There’s likely not a soul in the English-speaking world who hasn’t heard this story before or hasn’t at least seen some adulterated version of its plot in the movies or on TV. Like most, I’ve been familiar with A Christmas Carol since childhood, and yet I’ve never read the book for myself. I’ve been satisfied to simply watch The Muppets version or that freaky CGI version starring Jim Carey from a few years back. I had always figured that I knew the story well enough to ever need to read it for myself, and I was satisfied with that. Thankfully, however, I determined this year to read through all the Christmas books I could get my hands on, and this freebie on my Kindle was an obvious choice.
The written version was more humorous that I had expected, as Dickens start off immediately with his silly distinction between the literal deadness of doornail that of a coffin nail. This humor set the stage for the familiar events to follow, and it pulled me right in.
A few of the scenes, or at least conversations within some scenes, were unfamiliar to me, and I can’t recall ever having seen them in any of the film versions. The ghouls in the streets following Marley’s departure, for example, are as terrifying and revealing as anything. This truth about the details in novels is what always makes books so much better than movies: there are always internal conversations or interpretations of scenes that an author can deliver so eloquently which a director or actor just cannot communicate. Now having read the book for myself, I’m certain that I’ll understand the story much better the next time I watch even The Muppets version.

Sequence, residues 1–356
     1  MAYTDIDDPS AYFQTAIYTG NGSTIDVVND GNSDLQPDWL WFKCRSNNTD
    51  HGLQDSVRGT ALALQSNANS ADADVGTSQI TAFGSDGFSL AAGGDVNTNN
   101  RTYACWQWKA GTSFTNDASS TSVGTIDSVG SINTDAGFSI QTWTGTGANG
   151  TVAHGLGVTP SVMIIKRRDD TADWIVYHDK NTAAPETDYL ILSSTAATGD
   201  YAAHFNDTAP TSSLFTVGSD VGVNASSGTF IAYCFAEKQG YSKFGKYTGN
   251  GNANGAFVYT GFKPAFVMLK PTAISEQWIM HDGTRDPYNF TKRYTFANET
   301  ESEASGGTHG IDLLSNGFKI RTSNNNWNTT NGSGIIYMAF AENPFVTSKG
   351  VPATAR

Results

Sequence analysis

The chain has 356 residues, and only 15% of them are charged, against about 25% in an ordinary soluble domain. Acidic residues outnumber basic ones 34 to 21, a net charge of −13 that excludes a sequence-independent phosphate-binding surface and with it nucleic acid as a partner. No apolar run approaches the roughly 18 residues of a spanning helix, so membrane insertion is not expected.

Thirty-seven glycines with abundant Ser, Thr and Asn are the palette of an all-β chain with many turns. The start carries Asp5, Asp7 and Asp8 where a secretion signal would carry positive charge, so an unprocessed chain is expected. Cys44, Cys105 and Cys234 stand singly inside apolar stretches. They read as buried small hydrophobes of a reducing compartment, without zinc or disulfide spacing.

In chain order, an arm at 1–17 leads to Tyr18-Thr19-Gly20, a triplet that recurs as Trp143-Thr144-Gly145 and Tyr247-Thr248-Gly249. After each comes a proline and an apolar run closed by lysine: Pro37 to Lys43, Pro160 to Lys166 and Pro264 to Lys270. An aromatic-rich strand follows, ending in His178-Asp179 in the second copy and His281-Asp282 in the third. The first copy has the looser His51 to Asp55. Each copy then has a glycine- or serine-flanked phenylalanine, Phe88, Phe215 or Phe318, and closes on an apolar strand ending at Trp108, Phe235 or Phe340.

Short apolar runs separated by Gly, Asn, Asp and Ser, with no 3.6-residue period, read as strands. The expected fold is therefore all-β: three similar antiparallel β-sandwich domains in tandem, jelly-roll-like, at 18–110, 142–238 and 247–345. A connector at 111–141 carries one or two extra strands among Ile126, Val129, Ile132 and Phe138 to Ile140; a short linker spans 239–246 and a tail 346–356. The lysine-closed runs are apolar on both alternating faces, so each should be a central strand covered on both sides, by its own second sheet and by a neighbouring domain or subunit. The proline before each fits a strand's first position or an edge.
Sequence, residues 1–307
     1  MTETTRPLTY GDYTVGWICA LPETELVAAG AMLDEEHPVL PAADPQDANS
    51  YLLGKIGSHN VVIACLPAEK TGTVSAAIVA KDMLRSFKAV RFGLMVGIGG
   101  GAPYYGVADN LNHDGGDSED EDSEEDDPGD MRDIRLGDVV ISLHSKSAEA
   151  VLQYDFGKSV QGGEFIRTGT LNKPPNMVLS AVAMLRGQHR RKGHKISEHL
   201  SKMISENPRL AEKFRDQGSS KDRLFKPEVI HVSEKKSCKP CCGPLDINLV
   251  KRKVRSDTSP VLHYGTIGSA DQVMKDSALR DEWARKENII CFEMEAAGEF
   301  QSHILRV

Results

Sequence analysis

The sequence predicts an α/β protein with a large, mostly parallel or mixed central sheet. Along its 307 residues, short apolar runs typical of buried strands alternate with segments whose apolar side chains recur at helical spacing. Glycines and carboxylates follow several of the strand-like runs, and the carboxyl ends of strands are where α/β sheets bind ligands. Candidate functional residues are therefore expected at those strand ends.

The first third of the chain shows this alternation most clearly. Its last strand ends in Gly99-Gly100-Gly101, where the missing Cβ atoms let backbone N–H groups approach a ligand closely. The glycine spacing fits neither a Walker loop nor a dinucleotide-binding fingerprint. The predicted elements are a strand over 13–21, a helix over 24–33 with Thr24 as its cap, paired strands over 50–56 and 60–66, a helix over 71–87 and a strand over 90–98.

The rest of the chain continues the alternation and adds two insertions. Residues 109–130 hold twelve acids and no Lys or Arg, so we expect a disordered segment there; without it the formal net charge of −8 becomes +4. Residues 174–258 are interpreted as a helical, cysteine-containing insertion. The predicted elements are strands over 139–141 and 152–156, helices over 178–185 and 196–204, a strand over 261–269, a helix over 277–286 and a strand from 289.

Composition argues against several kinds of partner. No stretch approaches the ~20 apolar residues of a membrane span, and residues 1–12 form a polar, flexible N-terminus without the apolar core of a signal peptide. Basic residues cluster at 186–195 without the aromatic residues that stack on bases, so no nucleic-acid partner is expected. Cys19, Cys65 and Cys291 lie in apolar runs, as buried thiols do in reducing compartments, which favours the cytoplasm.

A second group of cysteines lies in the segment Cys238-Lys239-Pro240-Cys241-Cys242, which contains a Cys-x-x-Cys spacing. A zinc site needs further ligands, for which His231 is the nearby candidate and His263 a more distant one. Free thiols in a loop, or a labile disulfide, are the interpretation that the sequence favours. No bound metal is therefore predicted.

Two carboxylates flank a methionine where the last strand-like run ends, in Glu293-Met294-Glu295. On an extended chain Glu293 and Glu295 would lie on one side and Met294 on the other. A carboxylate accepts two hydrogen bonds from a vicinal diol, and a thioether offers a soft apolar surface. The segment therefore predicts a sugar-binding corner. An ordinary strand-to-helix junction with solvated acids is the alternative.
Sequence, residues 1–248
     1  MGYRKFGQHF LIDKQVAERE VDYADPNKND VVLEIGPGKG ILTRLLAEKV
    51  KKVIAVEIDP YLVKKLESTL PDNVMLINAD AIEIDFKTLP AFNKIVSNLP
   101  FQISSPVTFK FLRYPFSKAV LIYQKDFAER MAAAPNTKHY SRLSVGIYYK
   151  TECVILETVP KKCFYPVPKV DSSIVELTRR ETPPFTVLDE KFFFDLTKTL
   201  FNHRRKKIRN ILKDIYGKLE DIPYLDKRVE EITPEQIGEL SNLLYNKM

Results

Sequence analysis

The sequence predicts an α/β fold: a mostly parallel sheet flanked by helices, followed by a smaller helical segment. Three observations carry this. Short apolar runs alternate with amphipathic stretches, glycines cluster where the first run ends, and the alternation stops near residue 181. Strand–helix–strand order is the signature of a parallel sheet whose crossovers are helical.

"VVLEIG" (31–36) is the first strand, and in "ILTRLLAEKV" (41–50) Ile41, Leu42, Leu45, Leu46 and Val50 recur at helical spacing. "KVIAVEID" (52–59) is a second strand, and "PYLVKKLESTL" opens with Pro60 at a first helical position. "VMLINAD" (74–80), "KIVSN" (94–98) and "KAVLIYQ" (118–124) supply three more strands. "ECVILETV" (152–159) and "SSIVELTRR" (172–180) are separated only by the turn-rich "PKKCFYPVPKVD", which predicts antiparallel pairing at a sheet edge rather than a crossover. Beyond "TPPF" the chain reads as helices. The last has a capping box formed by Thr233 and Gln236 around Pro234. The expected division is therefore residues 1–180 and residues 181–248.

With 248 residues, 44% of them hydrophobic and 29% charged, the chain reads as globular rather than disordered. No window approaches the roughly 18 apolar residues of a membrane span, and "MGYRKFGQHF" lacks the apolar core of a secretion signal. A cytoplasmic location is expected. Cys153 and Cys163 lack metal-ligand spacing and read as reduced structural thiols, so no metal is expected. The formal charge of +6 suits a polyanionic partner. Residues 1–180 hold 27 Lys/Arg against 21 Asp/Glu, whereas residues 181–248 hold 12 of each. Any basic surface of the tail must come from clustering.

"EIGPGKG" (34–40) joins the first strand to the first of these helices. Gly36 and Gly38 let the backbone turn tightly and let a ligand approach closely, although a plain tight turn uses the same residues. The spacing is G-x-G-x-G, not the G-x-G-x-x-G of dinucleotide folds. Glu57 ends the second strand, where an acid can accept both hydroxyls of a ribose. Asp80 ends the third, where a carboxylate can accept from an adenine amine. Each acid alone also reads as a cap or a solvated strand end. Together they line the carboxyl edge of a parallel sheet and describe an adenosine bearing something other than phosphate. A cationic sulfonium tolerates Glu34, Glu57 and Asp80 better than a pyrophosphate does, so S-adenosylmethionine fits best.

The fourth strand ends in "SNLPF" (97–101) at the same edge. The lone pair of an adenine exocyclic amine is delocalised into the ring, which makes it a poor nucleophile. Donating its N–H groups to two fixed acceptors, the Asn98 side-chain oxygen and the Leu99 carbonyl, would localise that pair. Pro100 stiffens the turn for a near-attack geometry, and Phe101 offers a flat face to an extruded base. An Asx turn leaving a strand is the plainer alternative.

While I’ve never risked starting any other Dickens tome, for fear that I’d have to give up on a classic due either to arcane English or simply to ginormous word-count, this book offers me a bit more confidence to someday give it a shot. So Merry Christmas to all, and “God bless us, everyone.”